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Sex on Earth: A Celebration of Animal Reproduction
Jules Howard

The Sixth Extinction: An Unnatural History

The Sixth Extinction: An Unnatural History - Elizabeth Kolbert I think this is the first time I have ever read a book, at least a non-ridiculous non-fiction book, and thought "I could have written this!" Most of the books and studies quoted or mentioned I have read and/or written about myself previously. This is disappointing because 1)I could have written it (whether I would have been published is another story) and 2)I subsequently learned little to nothing.

As for the book itself, it is fragmented and lacking detail I know is important. There was much to do with the big picture (extinctions) and little specified detail. For example, global warming and ocean acidification were noted but ultimately I was not satisfied with the detail in which the author included the result. Yes species loss and decimation are happening but what is the ultimate IMPACT? What will the world look like if HUMANS don't stop their actions and/or assist in species regeneration?

I was absolutely driven crazy by the fact that Kolbert brought up issues and then did not include what these issues subsequently meant, what impacts they had. For example, white nose syndrome impacting bats was noted and is a very serious issue facing bats. Bat populations are being decimated as never before seen but Kolbert never bothers to note what impact the loss of bats will have on the planet. How is this not important? I think it is quite important, especially with bats considering how they are often vilified. BTW, bats play a major role in insect control and positively assist the growth of crops, amongst other roles. This lack of detailing the subsequent impacts from the loss of endangered or declining species happened with amphibians and coral and pretty much every species detailed in the book still alive today. Simple paragraphs on these impacts would have sufficed but instead we received nothing.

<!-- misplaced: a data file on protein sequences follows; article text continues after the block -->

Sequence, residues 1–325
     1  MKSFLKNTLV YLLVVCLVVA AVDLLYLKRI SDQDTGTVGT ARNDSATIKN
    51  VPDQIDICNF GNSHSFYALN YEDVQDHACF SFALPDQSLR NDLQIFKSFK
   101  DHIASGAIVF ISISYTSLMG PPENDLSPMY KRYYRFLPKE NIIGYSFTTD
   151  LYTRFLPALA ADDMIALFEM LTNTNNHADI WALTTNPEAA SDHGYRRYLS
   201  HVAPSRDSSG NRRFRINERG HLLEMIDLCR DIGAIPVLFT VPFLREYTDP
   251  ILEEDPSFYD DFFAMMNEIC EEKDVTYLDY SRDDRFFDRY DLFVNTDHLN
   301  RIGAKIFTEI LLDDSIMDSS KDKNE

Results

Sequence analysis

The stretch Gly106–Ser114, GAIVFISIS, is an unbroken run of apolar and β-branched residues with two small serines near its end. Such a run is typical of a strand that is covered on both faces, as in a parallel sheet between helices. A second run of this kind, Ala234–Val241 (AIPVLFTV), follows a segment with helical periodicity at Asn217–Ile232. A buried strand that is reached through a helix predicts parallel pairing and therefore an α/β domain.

Considering how people can be, I think detailing what impacts these losses would have on the planet and subsequently humans [unfortunately appealing to the human tendency to only care if it impacts them personally] would perhaps push more people to do something. The way it was approached in this book, more than anything it would cause people to be despondent and throw up their hands as if nothing could be done. Yes, the things occurring to this planet are alarming and I completely agree that humans are the cause of a great deal of these issues, but it does no one nor the planet any good to leave the subject on such a negative note. The author didn't even bother to list things an individual could do or organizations they could support!

As a side note, I really felt as though the author did not need to go to the locations she did. Honestly it was a waste of money and effort. Why not simply call the scientists? Basically the scientists simply backed up their own studies or didn't really add anything of worth via their conversations with Kolbert. The author appears to be the only beneficiary to the knowledge these trips and scientists conveyed to her as this firsthand knowledge was not exactly exuded through the pages.

Overall I appreciate that the author chose to write on this topic and perhaps spread the knowledge to those that may otherwise never have known. However, the book is written for the layman and does not go as deep into the issues as I would like. This is really just the tip of the iceberg and I would love to think that those who were horrified by the knowledge in here will make changes rather than throwing their hands up in the air.

A sign in the Hall of Biodiversity offers a quote from the Stanford ecologist Paul Ehrlich: IN PUSHING OTHER SPECIES TO EXTINCTION, HUMANITY IS BUSY SAWING OFF THE LIMB ON WHICH IT PERCHES.

The reason this book is being written by a hairy biped, rather than a scaly one, has more to do with dinosaurian misfortune than with any particular mammalian virtue. p91

One weedy species [humans...] has unwittingly achieved the ability to directly affect its own fate and that of most of the other species on this planet.--Wake and Vredenburg--

Obviously, the fate of our own species concerns us disproportionately. But at the risk of sounding anti-human-some of my best friends are humans!-I will say that it is not, in the end, what's worth attending to. [...] We are deciding, without quote meaning to, which evolutionary pathways will remain open and which will forever be closed.